Apr 24, 2019
This week we talk about floral and other horticultural foams. The most commonly available foams to the floriculture, floristry and horticulture industries are phenolic or polyurethane plastic foams. Because of their lack of degradability and other issues related to the hazardous chemicals used in their production, those of us working in horticulture and floristry and floriculture should be aware of the issues.
Today we chat about these foams and some of the R&D into alternatives or "improvements" to the foams (all of which is very new).
Our key message is the same as that of some of the big name designers who avoid the use of floral foam:
Work like it never existed! Floristry and horticulture existed way before the 1950's when these plastic foams were invented.
Because of the issues related to foam toxicity, lack of degradability and full life cycle costs, we feel it is best to just avoid using them altogether. And, we should encourage our researchers and policy makers to spend money on improved organic crop production, greenhouse technology to reduce footprints, etc. , rather than spending money on alternatives to plastic products we don't really need, and which are questionably "environmentally friendly".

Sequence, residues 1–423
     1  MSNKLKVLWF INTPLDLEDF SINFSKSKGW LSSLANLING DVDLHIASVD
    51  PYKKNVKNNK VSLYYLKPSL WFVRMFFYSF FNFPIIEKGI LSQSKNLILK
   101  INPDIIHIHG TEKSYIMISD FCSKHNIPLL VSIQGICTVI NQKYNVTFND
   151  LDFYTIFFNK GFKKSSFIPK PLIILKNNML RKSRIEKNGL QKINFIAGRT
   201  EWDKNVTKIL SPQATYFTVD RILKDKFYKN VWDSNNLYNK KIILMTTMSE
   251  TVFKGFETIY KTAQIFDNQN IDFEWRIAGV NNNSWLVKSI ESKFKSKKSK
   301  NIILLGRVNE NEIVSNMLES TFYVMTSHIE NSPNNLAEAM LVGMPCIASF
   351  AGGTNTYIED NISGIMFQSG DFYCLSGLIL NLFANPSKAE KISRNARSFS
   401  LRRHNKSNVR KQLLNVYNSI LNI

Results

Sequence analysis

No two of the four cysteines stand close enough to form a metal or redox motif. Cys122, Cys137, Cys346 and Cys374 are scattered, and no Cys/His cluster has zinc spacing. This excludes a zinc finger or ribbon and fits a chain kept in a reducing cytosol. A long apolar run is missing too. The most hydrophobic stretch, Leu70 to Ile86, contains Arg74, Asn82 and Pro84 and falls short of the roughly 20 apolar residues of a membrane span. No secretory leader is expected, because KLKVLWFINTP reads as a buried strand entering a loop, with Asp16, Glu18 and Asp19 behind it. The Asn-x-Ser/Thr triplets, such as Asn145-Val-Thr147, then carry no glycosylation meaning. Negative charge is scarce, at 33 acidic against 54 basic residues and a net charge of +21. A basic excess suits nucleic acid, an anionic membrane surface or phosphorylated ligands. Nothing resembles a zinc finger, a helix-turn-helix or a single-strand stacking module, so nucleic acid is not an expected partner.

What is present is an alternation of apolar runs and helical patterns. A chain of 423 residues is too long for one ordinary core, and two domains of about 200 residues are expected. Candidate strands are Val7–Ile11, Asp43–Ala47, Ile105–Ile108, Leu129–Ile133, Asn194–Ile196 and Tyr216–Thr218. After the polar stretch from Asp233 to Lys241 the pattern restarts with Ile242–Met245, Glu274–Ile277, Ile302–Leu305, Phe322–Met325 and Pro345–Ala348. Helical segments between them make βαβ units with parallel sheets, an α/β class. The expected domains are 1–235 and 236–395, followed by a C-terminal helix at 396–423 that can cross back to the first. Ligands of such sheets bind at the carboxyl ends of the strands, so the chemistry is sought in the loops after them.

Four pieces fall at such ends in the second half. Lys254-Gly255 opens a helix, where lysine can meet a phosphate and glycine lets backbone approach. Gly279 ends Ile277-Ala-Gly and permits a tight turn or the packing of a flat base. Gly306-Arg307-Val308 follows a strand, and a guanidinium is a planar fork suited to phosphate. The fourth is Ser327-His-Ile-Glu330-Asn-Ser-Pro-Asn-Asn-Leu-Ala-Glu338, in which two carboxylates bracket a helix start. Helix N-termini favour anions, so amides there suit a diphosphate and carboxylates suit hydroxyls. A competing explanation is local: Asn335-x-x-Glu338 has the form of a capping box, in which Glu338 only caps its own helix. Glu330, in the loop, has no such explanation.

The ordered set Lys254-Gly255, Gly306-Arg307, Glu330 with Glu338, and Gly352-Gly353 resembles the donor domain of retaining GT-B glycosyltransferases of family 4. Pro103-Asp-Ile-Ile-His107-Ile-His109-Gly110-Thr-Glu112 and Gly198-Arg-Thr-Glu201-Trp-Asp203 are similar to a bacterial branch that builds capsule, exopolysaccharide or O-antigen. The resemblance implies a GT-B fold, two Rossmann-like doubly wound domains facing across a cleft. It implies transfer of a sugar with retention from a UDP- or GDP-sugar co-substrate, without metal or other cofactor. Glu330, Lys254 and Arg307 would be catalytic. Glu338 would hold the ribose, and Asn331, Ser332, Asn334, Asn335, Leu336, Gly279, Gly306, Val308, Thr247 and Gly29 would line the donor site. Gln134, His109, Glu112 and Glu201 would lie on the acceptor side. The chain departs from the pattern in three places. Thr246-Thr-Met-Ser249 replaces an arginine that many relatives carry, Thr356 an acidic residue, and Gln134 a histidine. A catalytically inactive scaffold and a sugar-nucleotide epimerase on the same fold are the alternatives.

The links or research documents we reference in this episode are:
Ahmad, I., Dole, J. M., Clark, E. M. R., Blazich, F. A. 2014. Floral foam and/or conventional or organic preservatives affect the vase-life and quality of cut rose (Rosa * hybrida L.) stems. Journal of Horticultural Science and Biotechnology. Vol 89 pp 41-46
Basso, M.C., A. Pizzi, F. Al-Marzouki, S. Abdalla. 2016. Horticultural/hydroponics and floral natural foams from tannins. Industrial Crops and Products 87 (2016) 177–181.
Wheeler, R., S.H. Schwartzkopf, T.W. Tibbits, R.W.Langhans. 1985. Elimination of toxicity from polyurethane foam plugs used for plant culture. Hortscience 20(3) 448-449.
In an upcoming episode we will be hearing from some of the leading designers who avoid the use of foam and how they achieve their amazing results- so stay tuned for that episode coming up in future weeks.
Our theme music was composed and performed by Heather's son Callum, and the challenging job of audio editing was completed by the brilliant Laura Eccleston.